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Florida Hotels and Motels Hotspots for Trafficking

  • Published on
    November 4, 2017
  • News Source Image
  • Category:
    Human Trafficking
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Hotels and motels are reportedly the most common sites for sex trafficking in Florida. US News and World Reports that 1 out of 6 cases take place there, the ability to rent rooms for a short period of time and remain relatively anonymous making them attractive to human traffickers.

“Traffickers want to remain transient,” said Blair Pippin, the prevention and creative director for Florida Abolitionist, an anti-human trafficking organization based in Orlando. “They want to be able to move from place to place so that they’re less (visible). . They also want to keep their victims moving from place to place.”

According to the Polaris Project, a nonprofit that tracks calls to the national human trafficking hotline, there were 329 reported cases of human trafficking in Florida through the end of June — including 215 sex-trafficking and 79 labor-trafficking cases. Hotels and motels accounted for 36 of the sex-trafficking reports, ahead of massage and “spa” businesses.”

Pippin added that most cases take place at lower-end hotels where people can pay in cash and where security is likely to be less high. That doesn’t mean, however, that high-end hotels are immune from the problem.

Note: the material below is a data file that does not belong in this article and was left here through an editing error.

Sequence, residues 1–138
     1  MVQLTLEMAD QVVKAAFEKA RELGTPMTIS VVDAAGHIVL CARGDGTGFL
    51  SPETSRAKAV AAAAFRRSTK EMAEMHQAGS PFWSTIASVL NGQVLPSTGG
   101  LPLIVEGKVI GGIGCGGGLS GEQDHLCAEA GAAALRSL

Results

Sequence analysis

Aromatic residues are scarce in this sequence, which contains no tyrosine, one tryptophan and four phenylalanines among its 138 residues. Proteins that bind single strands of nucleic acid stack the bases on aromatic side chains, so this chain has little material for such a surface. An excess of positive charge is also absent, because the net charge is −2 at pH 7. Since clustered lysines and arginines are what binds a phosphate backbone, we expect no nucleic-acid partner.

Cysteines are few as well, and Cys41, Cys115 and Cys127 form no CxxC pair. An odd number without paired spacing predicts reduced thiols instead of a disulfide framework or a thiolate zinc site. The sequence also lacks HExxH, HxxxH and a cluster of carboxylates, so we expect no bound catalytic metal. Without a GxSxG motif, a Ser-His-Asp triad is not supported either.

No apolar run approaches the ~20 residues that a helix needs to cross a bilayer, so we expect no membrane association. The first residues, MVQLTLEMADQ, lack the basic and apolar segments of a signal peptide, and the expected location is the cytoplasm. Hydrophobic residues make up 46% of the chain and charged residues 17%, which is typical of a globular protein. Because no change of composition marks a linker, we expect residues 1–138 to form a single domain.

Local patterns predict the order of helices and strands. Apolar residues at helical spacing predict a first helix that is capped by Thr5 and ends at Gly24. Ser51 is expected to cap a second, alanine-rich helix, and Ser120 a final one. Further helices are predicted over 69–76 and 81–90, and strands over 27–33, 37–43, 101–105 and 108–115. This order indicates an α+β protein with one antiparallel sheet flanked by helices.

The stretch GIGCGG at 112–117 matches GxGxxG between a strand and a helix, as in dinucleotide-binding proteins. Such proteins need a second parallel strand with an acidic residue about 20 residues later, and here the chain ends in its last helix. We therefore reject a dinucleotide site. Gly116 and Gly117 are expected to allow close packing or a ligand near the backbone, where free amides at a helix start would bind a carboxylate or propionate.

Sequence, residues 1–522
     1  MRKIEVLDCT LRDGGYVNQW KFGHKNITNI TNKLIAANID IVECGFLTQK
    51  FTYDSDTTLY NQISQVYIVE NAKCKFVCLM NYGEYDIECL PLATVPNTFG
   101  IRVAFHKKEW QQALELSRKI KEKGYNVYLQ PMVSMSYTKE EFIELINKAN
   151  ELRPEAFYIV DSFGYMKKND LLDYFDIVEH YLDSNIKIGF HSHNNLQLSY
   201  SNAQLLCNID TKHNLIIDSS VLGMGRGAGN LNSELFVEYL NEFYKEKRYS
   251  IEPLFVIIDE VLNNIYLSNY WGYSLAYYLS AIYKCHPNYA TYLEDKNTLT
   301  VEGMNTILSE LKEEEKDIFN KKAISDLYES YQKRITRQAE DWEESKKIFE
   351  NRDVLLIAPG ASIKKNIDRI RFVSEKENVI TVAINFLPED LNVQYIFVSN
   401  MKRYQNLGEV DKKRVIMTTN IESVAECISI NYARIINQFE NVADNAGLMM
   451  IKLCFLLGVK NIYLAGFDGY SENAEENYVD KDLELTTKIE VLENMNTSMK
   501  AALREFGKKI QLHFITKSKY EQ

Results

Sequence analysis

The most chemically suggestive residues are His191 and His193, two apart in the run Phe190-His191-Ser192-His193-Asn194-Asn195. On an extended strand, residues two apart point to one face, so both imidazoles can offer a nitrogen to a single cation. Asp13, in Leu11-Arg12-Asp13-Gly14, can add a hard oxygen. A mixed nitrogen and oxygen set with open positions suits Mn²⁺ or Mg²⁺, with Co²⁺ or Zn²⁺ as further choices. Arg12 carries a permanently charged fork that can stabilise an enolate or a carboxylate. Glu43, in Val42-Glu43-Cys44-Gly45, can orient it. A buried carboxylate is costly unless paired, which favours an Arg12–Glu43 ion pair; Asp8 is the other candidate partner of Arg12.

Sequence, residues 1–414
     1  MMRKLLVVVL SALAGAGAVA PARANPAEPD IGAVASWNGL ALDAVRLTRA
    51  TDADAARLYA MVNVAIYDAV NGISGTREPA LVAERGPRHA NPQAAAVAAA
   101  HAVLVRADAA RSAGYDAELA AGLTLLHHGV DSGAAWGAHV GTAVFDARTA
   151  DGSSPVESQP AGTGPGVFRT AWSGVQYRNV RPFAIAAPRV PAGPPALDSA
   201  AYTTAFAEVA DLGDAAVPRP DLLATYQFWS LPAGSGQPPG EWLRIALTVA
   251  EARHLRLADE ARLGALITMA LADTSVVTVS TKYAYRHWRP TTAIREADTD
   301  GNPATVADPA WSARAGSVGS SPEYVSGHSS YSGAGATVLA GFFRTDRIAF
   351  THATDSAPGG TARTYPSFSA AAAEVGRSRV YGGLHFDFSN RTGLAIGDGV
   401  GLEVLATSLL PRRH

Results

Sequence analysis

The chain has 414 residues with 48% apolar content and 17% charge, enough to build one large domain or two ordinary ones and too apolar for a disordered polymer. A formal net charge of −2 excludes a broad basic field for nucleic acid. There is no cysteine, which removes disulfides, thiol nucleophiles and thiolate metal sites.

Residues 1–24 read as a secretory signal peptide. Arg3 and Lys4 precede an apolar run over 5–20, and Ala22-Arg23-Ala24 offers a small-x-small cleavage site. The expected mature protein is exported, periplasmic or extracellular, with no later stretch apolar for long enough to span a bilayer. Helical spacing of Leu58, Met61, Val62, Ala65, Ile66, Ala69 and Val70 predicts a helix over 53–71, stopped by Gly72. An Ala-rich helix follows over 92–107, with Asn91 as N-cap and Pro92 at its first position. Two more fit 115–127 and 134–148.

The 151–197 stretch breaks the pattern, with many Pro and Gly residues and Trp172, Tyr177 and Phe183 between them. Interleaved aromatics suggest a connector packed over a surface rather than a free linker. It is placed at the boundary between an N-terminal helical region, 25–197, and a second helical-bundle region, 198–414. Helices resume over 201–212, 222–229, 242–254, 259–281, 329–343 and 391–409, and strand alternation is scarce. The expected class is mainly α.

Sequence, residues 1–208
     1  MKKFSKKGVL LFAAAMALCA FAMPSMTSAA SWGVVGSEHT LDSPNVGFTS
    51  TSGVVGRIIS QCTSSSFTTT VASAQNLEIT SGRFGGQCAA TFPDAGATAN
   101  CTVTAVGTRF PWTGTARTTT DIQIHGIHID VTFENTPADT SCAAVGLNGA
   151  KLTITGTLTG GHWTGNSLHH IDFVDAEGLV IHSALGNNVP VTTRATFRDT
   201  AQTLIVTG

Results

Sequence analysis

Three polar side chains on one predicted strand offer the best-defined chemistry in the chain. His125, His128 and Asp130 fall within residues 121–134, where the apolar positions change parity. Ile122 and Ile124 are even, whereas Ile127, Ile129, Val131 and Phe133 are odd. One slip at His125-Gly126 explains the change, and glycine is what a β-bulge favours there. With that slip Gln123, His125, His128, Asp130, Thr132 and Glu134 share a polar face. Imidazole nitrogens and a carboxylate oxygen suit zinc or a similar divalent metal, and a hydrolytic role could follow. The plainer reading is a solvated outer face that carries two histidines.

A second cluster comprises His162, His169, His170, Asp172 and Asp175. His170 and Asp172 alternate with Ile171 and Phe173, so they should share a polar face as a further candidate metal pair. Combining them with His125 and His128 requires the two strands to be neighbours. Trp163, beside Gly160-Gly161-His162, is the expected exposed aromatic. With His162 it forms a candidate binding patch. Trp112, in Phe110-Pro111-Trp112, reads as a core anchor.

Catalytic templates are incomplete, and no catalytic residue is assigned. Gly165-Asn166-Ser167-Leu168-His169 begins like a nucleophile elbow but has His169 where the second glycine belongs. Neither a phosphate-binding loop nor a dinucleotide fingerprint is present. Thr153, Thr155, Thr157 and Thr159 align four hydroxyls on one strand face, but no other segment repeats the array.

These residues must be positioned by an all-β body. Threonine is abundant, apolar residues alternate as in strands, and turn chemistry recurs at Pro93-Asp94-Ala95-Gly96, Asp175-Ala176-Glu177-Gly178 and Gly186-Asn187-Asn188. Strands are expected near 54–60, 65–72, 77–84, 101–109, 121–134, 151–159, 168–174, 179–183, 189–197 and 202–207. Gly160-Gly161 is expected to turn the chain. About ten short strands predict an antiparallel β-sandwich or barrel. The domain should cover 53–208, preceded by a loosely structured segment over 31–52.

In West Palm Beach, the hotel industry and police have been working together to address human trafficking and how to recognize the signs. Rick Netzel, Best Western’s sales director, noted that “A lot of times the human trafficker, the guys won’t come in. They’ll send the girls in. They pay cash. You can tell they’re hesitant. They’re not sure of themselves. (Also), the lack of luggage. If they just have a small bag and they’re staying multiple nights, that’s a heads-up.”

While the major issue facing hotels and motels may be sex trafficking, Polaris estimates that around 5% of trafficking cases in hotels are related to labor trafficking. However, these cases often receive less media attention because they are harder to identify. “When it comes to sex trafficking, law enforcement can go into a prostitution sting and they find that this person is a victim. . .with labor, trying to figure out if someone is there by force rather than just working the job is really tricky,” said Pippin.

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